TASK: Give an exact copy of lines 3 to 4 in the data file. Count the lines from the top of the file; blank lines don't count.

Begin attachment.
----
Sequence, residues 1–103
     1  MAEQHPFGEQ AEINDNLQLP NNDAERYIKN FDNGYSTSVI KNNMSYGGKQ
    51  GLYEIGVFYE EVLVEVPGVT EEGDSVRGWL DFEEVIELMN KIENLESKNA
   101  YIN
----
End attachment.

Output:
    51  GLYEIGVFYE EVLVEVPGVT EEGDSVRGWL DFEEVIELMN KIENLESKNA
   101  YIN